Mulholland, Minion, Duffy, Davey, McNiff & Beyrer, Williston Park, N.Y. (Christine M. Gibbons of counsel), for appellant.
Mirman, Markovits & Landau, P.C., New York, N.Y. (David Bloom of counsel), for respondent.
REINALDO E. RIVERA, J.P., JOHN M. LEVENTHAL, LEONARD B. AUSTIN, ROBERT J. MILLER, JJ.
DECISION & ORDER
In an action to recover damages for personal injuries, the defendant appeals, as limited by its brief, from so much of an order of the Supreme Court, Nassau County (Adams, J.), dated April 23, 2012, as denied its motion for summary judgment dismissing the complaint.
ORDERED that the order is affirmed insofar as appealed from, with costs.
The plaintiff allegedly tripped and fell over a raised carpet tile in the basement of the defendant's property on a Friday morning as she was entering a room in which the defendant held bingo games. The plaintiff commenced this action against the defendant to recover damages for personal injuries. The defendant moved for summary judgment dismissing the complaint, contending that it did not create or have actual or constructive notice of the alleged defective condition. The Supreme Court denied the defendant's motion.
"A defendant who moves for summary judgment in a trip-and-fall case has the initial burden of making a prima facie showing that it neither created the alleged hazardous condition, nor had actual or constructive notice of its existence for a length of time sufficient to discover and remedy it" (Arzola v Boston Props. Ltd. Partnership, 63 A.D.3d 655, 656; see Levine v Amverserve Assn., Inc., 92 A.D.3d 728, 729; Jackson v Jamaica First Parking, LLC, 91 A.D.3d 602, 602-603; Pryzywalny v New York City Tr. Auth., 69 A.D.3d 598). To meet its initial burden on the issue of lack of constructive notice, a defendant must offer some evidence as to when the area in question was last cleaned or inspected relative to the time when the plaintiff tripped (see Tsekhanovskaya v Starrett City, Inc., 90 A.D.3d 909, 910; Pryzywalny v New York City Tr. Auth., 69 A.D.3d at 599). A defendant fails to satisfy its initial burden as to lack of constructive notice when it simply presents evidence of its general cleaning or inspection practices rather than providing specific evidence as to when the area in question was last cleaned or inspected prior to the plaintiff's fall (see Jackson v Jamaica First Parking, LLC, 91 A.D.3d at 603; Pryzywalny v New York City Tr. Auth., 69 A.D.3d at 599; Arzola v Boston Props. Ltd. Partnership, 63 A.D.3d at 656; Feldmus v Ryan Food Corp., 29 A.D.3d 940, 941).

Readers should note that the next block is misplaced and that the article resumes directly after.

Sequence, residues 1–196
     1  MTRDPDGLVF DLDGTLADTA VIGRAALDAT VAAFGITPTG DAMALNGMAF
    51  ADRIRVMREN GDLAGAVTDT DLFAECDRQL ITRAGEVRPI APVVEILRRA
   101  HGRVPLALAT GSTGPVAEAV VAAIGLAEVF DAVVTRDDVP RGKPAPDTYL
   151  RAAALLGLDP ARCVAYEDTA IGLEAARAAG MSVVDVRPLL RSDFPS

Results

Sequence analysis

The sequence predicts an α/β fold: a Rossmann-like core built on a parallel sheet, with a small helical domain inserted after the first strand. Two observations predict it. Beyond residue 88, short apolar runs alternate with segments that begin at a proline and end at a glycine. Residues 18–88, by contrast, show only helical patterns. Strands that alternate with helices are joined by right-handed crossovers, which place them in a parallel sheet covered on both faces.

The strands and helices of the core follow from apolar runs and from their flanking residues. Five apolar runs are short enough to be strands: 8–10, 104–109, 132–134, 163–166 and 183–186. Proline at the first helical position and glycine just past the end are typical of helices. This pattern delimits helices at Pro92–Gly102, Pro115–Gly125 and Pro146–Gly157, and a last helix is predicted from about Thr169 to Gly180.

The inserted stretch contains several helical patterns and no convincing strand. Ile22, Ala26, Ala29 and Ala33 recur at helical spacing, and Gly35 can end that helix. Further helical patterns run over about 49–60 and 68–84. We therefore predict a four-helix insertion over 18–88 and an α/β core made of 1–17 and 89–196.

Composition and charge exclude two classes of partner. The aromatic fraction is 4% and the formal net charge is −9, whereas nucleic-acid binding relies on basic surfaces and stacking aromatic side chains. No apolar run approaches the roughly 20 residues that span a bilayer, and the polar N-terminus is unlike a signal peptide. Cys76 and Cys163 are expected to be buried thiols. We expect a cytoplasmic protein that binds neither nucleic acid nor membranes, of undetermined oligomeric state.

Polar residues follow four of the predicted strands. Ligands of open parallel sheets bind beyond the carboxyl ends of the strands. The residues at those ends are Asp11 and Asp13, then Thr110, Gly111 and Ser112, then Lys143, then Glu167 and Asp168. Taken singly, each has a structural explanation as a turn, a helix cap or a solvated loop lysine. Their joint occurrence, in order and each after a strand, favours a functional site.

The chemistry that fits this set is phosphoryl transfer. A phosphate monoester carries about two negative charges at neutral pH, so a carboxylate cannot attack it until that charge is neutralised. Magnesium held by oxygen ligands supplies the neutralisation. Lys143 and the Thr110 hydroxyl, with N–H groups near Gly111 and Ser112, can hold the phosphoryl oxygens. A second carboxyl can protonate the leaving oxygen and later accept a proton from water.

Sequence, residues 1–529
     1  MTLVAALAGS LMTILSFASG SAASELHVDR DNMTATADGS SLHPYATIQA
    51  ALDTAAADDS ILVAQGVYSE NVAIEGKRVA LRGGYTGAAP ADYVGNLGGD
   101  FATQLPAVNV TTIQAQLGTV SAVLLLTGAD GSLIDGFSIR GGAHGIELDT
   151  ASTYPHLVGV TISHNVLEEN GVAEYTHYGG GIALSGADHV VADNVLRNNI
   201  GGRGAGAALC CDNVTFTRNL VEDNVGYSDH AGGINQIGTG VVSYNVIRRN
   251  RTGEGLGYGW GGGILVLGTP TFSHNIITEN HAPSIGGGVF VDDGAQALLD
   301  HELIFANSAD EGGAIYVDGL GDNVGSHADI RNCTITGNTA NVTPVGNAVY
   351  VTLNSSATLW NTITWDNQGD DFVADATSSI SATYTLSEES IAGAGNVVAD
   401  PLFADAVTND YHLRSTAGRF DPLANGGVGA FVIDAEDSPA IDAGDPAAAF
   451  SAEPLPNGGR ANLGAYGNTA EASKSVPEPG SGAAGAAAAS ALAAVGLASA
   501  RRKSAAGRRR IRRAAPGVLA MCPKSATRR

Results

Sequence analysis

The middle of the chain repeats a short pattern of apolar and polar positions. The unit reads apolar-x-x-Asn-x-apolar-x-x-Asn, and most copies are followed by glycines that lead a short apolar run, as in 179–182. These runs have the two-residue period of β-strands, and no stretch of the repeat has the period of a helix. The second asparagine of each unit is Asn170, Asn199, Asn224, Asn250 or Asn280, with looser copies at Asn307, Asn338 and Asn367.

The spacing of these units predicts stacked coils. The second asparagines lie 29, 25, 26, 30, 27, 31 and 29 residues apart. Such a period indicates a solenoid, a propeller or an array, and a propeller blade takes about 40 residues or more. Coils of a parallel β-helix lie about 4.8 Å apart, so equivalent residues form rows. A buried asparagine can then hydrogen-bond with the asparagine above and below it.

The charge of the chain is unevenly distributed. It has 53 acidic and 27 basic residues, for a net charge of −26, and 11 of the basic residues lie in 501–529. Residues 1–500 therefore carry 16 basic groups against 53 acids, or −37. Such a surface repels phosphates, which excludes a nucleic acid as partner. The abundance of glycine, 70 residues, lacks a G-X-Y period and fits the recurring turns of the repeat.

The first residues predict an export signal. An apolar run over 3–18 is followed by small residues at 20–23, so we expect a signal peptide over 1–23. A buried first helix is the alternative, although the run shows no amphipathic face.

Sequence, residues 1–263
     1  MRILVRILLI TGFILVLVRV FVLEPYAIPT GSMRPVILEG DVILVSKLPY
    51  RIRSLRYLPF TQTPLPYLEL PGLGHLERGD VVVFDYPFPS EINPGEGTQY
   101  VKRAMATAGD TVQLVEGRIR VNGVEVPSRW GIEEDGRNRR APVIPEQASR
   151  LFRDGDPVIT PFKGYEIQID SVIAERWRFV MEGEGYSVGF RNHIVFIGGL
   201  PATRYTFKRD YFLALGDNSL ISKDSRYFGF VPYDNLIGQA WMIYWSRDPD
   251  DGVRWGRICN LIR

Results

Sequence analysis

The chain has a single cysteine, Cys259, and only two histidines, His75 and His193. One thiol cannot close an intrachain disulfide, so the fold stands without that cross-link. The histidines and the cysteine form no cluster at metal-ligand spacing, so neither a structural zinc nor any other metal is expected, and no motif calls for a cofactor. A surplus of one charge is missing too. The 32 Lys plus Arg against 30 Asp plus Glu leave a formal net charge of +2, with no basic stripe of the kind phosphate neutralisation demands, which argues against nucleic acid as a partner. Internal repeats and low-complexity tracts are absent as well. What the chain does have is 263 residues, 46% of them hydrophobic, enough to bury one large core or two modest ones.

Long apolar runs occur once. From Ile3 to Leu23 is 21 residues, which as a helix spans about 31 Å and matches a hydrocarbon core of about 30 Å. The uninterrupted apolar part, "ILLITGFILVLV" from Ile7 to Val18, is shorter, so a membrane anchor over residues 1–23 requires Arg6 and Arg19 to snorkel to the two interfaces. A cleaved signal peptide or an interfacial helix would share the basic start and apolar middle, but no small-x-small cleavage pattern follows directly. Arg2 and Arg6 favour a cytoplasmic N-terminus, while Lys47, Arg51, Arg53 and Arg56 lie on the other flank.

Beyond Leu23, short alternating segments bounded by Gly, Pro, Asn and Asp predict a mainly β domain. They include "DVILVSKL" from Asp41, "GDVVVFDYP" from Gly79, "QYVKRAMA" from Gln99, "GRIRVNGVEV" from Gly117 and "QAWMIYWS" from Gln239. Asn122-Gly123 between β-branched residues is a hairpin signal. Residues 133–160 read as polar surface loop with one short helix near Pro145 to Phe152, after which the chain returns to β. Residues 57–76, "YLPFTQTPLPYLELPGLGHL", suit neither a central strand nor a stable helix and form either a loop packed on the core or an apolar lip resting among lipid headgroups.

Here, the defendant failed to establish, prima facie, that it lacked notice of the existence of the alleged hazard. In support of its motion, it submitted a transcript of the plaintiff's deposition testimony, in which she testified that she noticed the alleged defective condition three months prior to the happening of the accident and, at that time, complained about the defective condition to the defendant's volunteers, who administered the bingo games on behalf of the defendant. It also submitted a transcript of the deposition testimony of the volunteer who led the bingo game on Friday mornings. He testified that he did not know if the other volunteers had received complaints about the carpeting prior to the date of the accident. Although the volunteer also testified that he never saw any of the carpeting tiles upturned in the area where the accident occurred, he only provided testimony about his general inspection practices of the basement where the bingo games were held and did not testify as to when the area in question was last inspected relative to the plaintiff's accident. Since the deposition testimony submitted in support of the defendant's motion did not demonstrate the absence of a triable issue of fact as to whether it had notice of the allegedly hazardous condition, the defendant did not meet its prima facie burden of demonstrating its entitlement to judgment as a matter of law (see Tsekhanovskaya v Starrett City, Inc., 90 A.D.3d at 909; Pryzywalny v New York City Tr. Auth., 69 A.D.3d at 599). The defendant's remaining contentions are without merit.
In light of the defendant's failure to meet its prima facie burden, we need not consider the sufficiency of the plaintiff's opposition papers (see Winegrad v New York Univ. Med. Ctr., 64 N.Y.2d 851, 853).
Accordingly, the Supreme Court properly denied the defendant's motion for summary judgment ...